The Tour du Bretagne is the 3rd round of the French Elite Championship that I race in, and for me provided an incredible opportunity to familiarize myself with some of the places I’ll be racing in during La Solitaire.

As the event is double handed race with two co-skippers it made a great chance to team up with someone super experienced, with Sophie Faguet who is currently the Mixed European Offshore Championship Silver medalists, so that I could be proactive in my learning of the tricky tides rather than discovering this in hindsight.The format of the race is that we were racing from town to town and hold a stadium race in the town, the event goes on for 11 days. This year’s edition started in the Historic town of Saint Malo and finished in Quiberon.

The short stages meant the racing was intense and no space was afforded to anyone, as a result there were multiple false starts. Resulting in nervous waits to find out if you were guilty. Thankfully or by good judgement (I’ll let you decide) we went the entire 11 days without a penalty.

We got GBR38 ‘Just a Drop’ really moving at times with some fabulous starts throughout, guess the hard part of elite sport is staying at the front!

Figaro racing is like no other sport on earth, in any normal sport if after 24 hours of racing you were 10 minutes off first place you’d consider it a good race, not here 10 minutes off in 24 hours as we found ourselves on leg 4 put us in 20th place.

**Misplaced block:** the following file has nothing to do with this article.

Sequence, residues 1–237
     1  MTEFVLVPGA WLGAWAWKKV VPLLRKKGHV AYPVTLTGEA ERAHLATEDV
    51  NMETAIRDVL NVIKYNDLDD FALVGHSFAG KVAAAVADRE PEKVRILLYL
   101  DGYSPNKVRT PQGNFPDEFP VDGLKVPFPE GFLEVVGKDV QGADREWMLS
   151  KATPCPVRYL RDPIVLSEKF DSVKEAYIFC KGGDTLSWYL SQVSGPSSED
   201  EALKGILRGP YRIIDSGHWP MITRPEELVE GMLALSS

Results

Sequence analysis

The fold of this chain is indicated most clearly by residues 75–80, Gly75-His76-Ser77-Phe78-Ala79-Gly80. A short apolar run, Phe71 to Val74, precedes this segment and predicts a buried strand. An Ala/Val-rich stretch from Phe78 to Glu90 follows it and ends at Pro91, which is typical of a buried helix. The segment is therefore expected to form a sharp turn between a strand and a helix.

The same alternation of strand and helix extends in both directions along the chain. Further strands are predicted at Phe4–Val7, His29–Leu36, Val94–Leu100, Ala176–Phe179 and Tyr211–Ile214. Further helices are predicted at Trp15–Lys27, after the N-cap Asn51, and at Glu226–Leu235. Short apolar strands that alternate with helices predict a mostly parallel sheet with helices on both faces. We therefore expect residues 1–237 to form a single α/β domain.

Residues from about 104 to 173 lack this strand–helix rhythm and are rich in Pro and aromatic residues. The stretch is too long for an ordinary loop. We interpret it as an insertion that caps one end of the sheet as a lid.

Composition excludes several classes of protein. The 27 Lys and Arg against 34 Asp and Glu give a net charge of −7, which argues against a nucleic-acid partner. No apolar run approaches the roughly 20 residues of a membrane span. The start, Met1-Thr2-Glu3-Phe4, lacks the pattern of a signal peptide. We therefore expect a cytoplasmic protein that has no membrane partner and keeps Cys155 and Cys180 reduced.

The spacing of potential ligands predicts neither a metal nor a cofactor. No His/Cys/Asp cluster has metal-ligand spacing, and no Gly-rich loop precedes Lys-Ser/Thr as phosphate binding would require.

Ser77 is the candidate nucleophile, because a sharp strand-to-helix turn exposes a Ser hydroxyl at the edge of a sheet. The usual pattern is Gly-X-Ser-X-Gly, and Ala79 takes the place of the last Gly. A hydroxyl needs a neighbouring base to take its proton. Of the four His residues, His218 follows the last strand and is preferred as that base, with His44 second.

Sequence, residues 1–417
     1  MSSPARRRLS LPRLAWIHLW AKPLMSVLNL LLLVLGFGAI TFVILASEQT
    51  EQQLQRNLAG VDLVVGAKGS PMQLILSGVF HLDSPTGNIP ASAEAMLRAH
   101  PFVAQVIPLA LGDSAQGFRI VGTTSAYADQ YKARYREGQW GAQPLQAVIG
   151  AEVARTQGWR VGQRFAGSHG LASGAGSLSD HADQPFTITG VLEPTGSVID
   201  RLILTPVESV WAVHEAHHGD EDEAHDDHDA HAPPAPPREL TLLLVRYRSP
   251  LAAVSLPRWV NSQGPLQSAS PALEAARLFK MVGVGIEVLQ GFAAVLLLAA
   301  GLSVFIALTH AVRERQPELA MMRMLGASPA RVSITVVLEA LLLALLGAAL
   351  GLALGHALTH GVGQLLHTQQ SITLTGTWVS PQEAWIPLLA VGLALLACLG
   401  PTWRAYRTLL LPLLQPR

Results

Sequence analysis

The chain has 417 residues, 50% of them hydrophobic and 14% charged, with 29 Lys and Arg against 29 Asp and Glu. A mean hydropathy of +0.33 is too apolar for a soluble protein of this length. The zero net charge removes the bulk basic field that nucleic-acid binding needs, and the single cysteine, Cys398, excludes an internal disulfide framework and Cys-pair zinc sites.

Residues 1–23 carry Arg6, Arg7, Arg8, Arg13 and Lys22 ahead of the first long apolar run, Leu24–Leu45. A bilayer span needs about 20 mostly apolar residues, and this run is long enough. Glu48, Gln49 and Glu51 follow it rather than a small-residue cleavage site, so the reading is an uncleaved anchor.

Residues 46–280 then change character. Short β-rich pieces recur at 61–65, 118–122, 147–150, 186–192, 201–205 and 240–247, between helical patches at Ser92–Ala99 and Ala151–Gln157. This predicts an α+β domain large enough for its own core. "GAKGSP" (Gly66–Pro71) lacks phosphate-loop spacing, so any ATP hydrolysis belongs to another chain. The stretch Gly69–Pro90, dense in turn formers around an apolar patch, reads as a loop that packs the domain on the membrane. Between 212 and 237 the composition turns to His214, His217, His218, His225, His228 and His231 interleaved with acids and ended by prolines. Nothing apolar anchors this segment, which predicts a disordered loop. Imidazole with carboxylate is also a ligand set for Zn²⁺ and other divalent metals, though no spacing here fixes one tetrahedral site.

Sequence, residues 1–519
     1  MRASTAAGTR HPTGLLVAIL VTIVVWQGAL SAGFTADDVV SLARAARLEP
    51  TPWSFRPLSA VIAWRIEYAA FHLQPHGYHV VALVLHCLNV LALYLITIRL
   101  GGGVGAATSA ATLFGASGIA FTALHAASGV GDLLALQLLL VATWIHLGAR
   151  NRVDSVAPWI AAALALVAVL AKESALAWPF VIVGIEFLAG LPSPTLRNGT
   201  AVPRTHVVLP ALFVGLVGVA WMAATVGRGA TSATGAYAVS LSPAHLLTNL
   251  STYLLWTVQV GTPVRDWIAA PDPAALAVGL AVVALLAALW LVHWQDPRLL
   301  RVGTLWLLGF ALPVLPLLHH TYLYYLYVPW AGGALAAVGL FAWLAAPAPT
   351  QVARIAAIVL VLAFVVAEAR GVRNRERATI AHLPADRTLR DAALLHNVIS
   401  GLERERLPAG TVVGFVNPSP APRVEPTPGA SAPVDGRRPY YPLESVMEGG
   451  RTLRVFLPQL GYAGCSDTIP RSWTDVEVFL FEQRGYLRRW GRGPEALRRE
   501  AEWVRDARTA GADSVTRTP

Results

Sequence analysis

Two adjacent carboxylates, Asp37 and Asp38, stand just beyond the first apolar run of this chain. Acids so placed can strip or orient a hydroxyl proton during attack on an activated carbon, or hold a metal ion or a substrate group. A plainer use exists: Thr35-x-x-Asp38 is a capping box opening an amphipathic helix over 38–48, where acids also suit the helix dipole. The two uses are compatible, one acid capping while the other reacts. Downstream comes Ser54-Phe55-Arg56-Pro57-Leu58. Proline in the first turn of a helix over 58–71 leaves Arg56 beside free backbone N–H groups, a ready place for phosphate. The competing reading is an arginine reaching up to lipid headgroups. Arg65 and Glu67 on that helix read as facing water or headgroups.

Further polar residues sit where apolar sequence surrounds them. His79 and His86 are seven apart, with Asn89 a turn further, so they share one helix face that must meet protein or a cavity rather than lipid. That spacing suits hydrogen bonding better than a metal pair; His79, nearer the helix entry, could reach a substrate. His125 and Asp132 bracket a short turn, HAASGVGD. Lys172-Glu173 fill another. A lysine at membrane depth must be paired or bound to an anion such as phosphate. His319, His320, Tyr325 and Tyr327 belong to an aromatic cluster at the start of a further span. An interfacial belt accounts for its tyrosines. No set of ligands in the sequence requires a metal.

One of the challenges of this race isn’t actually the racing, if you’re not French finding a place to stay on your arrival at each town can be quite fun.

Airbnb always seem to want to know the exact time we time we were going to arrive and our answer normally something along the line ‘I am very sorry but I do not know what time we will arrive as there is going to be light winds close to the town’.

‘Race food’ as we like to call it to make ourselves seem cool, is normally a mix of high energy food, boil in a bag meals and apples (as this is the only fruit that seems to be able to survive life onboard).

I often wondered what supermarket checkouts thought of us buying at times large quantities of perhaps France’s worst food, I imagine the lunch time conversation as “did you see the English guy? He came all the way to the home of good food and only goes for the horrible stuff”.

 After 11 days of racing, we were happy with how we had raced, maybe we had dreamt of being higher up but more importantly loads of lessons were learn for the next one!


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